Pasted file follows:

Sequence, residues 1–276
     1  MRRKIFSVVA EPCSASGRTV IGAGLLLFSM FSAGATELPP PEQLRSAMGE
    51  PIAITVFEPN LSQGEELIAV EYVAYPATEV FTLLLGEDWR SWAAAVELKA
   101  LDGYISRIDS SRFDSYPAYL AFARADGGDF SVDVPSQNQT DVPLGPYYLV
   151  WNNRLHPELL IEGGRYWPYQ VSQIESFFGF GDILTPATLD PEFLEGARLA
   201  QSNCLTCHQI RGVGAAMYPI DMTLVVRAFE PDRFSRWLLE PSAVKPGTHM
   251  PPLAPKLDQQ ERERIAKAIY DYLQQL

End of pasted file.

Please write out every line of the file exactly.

Sequence, residues 1–276
     1  MRRKIFSVVA EPCSASGRTV IGAGLLLFSM FSAGATELPP PEQLRSAMGE
    51  PIAITVFEPN LSQGEELIAV EYVAYPATEV FTLLLGEDWR SWAAAVELKA
   101  LDGYISRIDS SRFDSYPAYL AFARADGGDF SVDVPSQNQT DVPLGPYYLV
   151  WNNRLHPELL IEGGRYWPYQ VSQIESFFGF GDILTPATLD PEFLEGARLA
   201  QSNCLTCHQI RGVGAAMYPI DMTLVVRAFE PDRFSRWLLE PSAVKPGTHM
   251  PPLAPKLDQQ ERERIAKAIY DYLQQL